Hepatitis D Treatment & Management

Updated: Mar 16, 2017
  • Author: Praveen K Roy, MD, AGAF; Chief Editor: BS Anand, MD  more...
  • Print
Treatment

Approach Considerations

Treatment for infection with hepatitis D virus (HDV) consists primarily of supportive measures (in part owing to the fact that HDV is very host dependent and absent of potentially drugable enzyme in its genome [18] ). Observe synthetic liver function markers and mental status closely. Deterioration of either should prompt early consultation with hospital personnel capable of performing liver transplantation.

Liver transplantation is indicated in patients with fulminant liver failure. Patients with evidence of decompensated liver disease or fulminant liver failure should be immediately transferred to a center capable of performing a liver transplantation.

No pharmacologic treatment for HDV has been approved. Peginterferon alfa-2a (PEG-IFNa2a) and nucelos(t)ide analogues have been used to manage chronic HBV infection, but only PEG-IFN has shown anti-HDV activity. [8, 19, 20] However, a study of the efficacy of PEG-IFNa2a found that treatment with or without adefovir over 48 weeks resulted in sustained HDV RNA clearance in approximately one fourth of patients. [21] In another study, PEG-IFN achieved sustained viral response (SVR) and remission in only 29.4% of patients. [22] Thus, PEG-IFNa has low rates of SVR and clinical improvement. [20] The efficacy rate of interferon-based therapy does not exceed 30%, with frequent termination of therapy owing to serious side effects, and the relapse rate is very high. [8]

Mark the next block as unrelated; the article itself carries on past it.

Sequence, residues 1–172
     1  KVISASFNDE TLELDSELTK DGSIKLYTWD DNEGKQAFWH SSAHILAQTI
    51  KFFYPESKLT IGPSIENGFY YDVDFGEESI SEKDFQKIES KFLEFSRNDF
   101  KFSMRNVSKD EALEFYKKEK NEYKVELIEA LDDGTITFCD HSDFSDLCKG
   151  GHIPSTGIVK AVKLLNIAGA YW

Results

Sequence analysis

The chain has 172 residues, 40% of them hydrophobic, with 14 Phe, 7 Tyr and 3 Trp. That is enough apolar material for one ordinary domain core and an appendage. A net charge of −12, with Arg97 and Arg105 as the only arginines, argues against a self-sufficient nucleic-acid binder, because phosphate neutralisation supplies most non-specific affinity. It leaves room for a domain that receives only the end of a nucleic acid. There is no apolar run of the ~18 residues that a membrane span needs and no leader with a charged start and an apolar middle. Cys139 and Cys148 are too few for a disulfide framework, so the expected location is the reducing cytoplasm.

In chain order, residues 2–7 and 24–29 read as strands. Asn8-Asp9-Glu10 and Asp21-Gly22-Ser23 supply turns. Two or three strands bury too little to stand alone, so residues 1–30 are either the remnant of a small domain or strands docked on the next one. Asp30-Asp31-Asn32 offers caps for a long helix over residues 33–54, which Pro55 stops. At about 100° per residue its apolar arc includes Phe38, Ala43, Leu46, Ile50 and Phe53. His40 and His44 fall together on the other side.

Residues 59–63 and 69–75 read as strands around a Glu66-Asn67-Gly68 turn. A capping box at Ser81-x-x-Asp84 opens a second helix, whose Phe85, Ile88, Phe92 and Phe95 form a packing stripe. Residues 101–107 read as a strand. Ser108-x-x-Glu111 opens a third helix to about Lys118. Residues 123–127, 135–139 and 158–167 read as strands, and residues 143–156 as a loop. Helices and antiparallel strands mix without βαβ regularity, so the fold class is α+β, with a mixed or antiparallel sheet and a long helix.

Potential new therapies remain under investigation, including prenylation inhibitors (against HDV only), as well as viral entry inhibitors and HBsAg-release inhibitors (against HDV and hepatitis B virus [HBV] coinfection) [8]

No vaccine is available for HDV, but the HBV vaccination is effective against HDV.

See the following articles for more information:

Next:

Consultations

Early notification of a hepatologist or gastroenterologist is warranted.

Previous
Next:

Diet

Diet need not be restricted. If enteral intake is poor, intravenous fluids can be administered. Total parental nutrition is seldom needed.

Previous
Next:

Prevention

Cost-effective, optimal strategies to reduce the prevalence of hepatitis B virus (HBV) in moderately hepatitis D virus (HDV)-endemic regions include the implementation of all four of the following interventions [16] :

  • Testing, with HBV adult vaccination (diagnosis)

  • Diagnosis, with anti-HBV therapy (mono-infections)

  • Diagnosis, with combined anti–HBV-HDV therapy (dual infections)

  • Creation and utilization of effective awareness programs

Previous
Next:

Long-Term Monitoring

Follow-up is recommended for at least 6 months to determine if chronic hepatitis B virus (HBV) and hepatitis D virus (HDV) infection develop.

Perform a liver biopsy to stage liver disease prior to beginning interferon alfa therapy.

Treatment with interferon can be continued after the 1-year period if well tolerated and efficacy is demonstrated. Monitoring HDV RNA and hepatitis B surface antigen (HBsAg) levels may help in guiding therapy. [23]

Previous